Aspirations for a better body sell exercise machines, gym memberships and diet books. Aspirations for higher education and higher pay are the reasons that we continually see commercials for the University of Phoenix and other online courses. By knowing what we want, marketers are able to manipulate our aspirations and sell us anything from spray paint for balding heads to Viagra.And in looking at these products, there’s no surprise that if a need exists then there will be a product to fill it. But in reality what sells these products is often a deeper, more hidden aspiration. Baldness cures don’t simply promise to make us look younger, and Viagra doesn’t simply promise vitality; both of these products appeal to a more primal desire: self-image. What these products actually promise middle-aged men is that they will look and behave like younger men; that they will reclaim the time they feel they have lost.
What often eludes us is that marketers know more about our aspirations than we do. They know that gym membership deals in January appeal to the post-holiday guilt over our winter gluttony. This guilt drives a drastic membership influx every year. What they also know is that often our aspirations are far beyond our actual determination. Of the gym memberships sold what percentage will never be used? What percentage will be used infrequently? What percentage of these new members will try for a few months and then give up? And perhaps most importantly, what percentage will buy another membership next January with the self-made promise that they are going to “do it this time?”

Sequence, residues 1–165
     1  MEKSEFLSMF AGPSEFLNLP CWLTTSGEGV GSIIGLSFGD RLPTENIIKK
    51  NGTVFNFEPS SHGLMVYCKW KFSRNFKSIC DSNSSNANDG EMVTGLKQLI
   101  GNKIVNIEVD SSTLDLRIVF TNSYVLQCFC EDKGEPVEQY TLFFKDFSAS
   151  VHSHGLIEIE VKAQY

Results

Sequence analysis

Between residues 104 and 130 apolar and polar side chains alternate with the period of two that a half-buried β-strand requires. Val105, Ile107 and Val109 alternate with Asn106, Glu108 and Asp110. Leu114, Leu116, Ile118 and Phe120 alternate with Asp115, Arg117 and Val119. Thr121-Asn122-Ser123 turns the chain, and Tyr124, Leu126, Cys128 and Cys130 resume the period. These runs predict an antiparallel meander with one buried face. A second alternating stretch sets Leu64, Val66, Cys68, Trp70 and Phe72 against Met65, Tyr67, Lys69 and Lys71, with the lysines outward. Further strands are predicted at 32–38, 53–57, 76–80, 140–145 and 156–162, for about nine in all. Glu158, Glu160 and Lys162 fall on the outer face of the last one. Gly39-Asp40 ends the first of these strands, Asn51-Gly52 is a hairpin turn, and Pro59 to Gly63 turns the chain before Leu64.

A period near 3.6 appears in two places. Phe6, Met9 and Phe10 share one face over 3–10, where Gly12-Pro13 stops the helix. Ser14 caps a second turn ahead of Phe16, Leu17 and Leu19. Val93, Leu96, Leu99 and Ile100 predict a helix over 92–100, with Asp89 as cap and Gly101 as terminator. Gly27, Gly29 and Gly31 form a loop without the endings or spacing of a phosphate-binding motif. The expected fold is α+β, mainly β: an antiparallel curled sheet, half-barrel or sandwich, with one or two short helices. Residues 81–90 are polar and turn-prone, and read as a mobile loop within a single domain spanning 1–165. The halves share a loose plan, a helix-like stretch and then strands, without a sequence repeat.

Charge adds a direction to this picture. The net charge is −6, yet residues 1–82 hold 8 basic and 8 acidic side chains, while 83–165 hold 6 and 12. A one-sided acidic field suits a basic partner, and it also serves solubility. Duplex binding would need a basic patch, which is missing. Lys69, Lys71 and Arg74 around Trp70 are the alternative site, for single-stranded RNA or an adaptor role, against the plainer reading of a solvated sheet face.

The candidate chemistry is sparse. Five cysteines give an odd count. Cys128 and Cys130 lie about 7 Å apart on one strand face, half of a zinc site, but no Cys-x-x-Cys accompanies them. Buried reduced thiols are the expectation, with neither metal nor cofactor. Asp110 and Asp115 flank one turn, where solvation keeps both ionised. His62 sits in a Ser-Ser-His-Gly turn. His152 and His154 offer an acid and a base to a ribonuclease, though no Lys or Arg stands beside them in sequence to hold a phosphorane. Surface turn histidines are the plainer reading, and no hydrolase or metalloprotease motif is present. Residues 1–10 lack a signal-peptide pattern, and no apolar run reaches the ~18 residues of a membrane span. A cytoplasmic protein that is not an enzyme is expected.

Aspiration marketing relies on promise, but a promise that does not promote growth.
Concepts & Ideas from
Start with Why by Simon Sinek